At 6:25 a.m., an hour and a half before the start of the Tarrant Area Food Bank distribution, Arlington resident Karen Draper and her sister arrived in a parking lot outside AT&T Stadium on Friday.
Draper and hundreds of other cars filed into the parking lot that was set up with 10 separate lanes to distribute food to those in need.
While plenty of other cars had arrived before, Draper said they were fortunate to be in the second row of cars inside the parking lot.
The food bank was prepared to feed 6,000 families during the distribution, said Stephen Raeside, Tarrant Area Food Bank executive vice president of development.
“Prior to COVID we distributed about 600,000 meals every week. After COVID that increased to a million, and that level’s been sustained,” Raeside said.
Tarrant Area Food Bank expects that number to stay consistent for the next 18-24 months as the pandemic’s economic fallout continues.
Families received 100 pounds of fresh produce, meats, dairy and a 15-pound turkey for Thanksgiving.
Two hundred volunteers from different groups including American Airlines, Muckleroy & Falls Construction, The Church of Jesus Christ of Latter-day Saints and a coalition of historically African American churches helped load boxes of food into vehicles.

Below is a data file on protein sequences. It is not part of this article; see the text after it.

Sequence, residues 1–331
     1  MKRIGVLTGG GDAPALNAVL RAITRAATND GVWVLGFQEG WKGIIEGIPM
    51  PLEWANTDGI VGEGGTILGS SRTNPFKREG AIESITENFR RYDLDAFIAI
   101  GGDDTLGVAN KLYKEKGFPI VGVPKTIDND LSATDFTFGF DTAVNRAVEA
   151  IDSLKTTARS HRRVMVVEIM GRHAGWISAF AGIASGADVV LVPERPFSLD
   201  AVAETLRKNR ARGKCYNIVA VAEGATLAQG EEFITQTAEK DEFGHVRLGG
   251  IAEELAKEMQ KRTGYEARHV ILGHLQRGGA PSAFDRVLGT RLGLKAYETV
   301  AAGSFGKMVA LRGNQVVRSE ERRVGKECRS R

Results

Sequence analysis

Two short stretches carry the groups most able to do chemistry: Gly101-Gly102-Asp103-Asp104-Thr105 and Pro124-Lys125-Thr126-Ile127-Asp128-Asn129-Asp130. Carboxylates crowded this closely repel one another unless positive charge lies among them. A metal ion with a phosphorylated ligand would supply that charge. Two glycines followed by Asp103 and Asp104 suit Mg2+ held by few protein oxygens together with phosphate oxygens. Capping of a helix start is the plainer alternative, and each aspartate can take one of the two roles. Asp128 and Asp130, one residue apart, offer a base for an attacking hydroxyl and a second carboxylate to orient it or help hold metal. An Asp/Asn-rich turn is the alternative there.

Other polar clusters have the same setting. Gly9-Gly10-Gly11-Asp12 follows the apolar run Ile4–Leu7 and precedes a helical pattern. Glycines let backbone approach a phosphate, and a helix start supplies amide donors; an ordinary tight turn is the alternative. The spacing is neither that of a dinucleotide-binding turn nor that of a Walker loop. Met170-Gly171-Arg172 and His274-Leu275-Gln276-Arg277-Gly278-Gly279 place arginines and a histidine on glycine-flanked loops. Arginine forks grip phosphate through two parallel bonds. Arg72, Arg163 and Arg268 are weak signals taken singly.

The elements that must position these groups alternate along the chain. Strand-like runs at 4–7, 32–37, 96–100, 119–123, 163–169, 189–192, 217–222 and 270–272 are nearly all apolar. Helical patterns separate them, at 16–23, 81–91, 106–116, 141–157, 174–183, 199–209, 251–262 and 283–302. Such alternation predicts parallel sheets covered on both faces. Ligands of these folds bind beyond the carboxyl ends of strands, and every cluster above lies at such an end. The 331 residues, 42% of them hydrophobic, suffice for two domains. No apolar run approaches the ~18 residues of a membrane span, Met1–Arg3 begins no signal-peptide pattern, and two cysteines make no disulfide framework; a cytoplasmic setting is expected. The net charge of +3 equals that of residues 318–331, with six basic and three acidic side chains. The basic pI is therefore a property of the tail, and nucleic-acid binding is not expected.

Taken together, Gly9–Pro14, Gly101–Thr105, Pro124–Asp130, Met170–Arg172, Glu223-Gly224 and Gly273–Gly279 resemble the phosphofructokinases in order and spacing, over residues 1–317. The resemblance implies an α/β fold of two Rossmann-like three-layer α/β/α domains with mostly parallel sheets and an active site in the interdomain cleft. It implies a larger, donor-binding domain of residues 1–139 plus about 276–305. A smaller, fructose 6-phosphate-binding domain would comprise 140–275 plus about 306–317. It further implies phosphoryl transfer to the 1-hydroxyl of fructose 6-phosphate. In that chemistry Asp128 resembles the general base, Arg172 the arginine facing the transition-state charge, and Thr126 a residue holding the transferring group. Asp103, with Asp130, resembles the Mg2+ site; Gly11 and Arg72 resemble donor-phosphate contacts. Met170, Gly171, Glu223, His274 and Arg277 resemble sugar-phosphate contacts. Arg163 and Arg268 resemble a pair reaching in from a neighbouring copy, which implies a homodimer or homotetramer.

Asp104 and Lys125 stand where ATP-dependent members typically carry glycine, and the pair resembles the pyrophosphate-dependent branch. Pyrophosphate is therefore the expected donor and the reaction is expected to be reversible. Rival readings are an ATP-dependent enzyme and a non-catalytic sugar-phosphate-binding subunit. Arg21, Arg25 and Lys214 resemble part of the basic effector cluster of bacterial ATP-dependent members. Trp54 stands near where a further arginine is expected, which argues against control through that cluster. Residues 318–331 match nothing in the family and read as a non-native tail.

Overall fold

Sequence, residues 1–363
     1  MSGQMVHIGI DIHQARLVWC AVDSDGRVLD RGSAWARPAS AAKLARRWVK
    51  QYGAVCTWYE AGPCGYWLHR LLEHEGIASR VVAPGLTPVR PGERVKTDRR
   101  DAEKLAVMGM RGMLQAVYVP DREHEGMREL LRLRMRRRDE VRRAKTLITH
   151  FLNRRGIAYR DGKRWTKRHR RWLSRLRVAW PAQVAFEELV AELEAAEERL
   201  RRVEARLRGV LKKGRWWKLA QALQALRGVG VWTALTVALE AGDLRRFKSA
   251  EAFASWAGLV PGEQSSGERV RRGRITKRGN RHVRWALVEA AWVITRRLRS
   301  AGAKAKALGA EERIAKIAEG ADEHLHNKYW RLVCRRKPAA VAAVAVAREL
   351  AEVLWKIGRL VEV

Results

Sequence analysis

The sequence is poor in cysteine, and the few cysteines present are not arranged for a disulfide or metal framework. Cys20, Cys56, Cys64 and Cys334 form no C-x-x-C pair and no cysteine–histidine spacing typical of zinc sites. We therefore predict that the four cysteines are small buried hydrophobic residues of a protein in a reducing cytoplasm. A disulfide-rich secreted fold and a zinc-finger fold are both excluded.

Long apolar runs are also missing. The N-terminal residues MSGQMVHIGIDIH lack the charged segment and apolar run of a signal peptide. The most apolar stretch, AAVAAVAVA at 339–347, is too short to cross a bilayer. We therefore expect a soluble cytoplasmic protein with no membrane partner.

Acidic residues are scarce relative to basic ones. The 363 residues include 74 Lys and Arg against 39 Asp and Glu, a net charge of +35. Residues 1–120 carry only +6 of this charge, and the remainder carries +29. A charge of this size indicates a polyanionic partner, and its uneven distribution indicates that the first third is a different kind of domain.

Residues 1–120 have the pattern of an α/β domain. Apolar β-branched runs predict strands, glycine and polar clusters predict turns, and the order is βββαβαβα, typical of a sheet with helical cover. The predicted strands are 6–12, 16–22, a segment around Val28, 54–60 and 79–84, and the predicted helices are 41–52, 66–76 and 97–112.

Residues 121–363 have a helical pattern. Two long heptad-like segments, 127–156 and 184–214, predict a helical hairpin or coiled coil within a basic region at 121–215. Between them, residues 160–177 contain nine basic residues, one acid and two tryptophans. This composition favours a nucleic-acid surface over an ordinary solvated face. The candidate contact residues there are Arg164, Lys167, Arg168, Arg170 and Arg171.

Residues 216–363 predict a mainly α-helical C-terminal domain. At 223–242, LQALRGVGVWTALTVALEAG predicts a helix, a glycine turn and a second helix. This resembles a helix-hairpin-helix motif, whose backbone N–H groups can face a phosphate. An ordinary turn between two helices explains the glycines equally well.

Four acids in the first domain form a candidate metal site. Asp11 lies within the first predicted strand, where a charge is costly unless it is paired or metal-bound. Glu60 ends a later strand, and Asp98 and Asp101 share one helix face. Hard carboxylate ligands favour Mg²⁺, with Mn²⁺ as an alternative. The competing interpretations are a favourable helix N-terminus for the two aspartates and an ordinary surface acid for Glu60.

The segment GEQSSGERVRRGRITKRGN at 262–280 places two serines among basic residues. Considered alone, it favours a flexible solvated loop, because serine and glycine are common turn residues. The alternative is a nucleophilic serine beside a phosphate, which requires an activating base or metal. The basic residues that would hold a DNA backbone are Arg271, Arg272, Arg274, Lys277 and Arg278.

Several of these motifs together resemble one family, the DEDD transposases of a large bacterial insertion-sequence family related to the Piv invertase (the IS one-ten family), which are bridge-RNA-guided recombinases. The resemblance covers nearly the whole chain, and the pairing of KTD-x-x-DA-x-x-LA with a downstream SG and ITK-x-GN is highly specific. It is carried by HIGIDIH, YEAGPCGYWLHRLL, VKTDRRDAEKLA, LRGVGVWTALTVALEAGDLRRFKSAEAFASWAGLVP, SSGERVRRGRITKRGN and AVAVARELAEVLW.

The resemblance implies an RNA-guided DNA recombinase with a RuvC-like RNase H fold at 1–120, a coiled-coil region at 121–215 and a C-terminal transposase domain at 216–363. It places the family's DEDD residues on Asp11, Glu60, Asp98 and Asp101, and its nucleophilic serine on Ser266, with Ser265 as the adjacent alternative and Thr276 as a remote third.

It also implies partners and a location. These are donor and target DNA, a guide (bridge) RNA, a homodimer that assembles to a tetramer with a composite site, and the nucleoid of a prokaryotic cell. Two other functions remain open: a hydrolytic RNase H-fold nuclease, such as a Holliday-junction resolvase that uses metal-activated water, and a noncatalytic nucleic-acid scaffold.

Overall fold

As cars made their way through the line, they were greeted by volunteers who handed out free hand sanitizer and masks.
Around 9:15 a.m. volunteers began to cheer as it was announced that 1,500 families had already been served during the Mega Mobile Market event.
Grand Prairie resident Afia Konadu arrived around 6:30 a.m. and said her husband had been the only one working during the pandemic, but he has since been laid off.
She said she’s grateful for the Tarrant Area Food Bank and its volunteers since she didn’t even know about the food distributions before the pandemic.
The financial effects of the COVID-19 pandemic are causing people that previously never needed help to reach out, like Konadu.
Draper and her husband have both been laid off since the pandemic started, and she said this was the first food bank distribution she has attended to receive help.
Ali Alhaque, Tarrant Area Food Bank volunteer, said he typically wakes up at 7 a.m and works from 8 a.m. until noon every Friday at a food distribution site in Fort Worth.
“I love to do this work,” he said. “It makes me really appreciate the small things in life.”
Despite wait times sometimes stretching from one to three hours, he said people are always happy for the volunteers who are working.
“They’re always very nice to us, and they’re always thankful to us,” Alhaque said.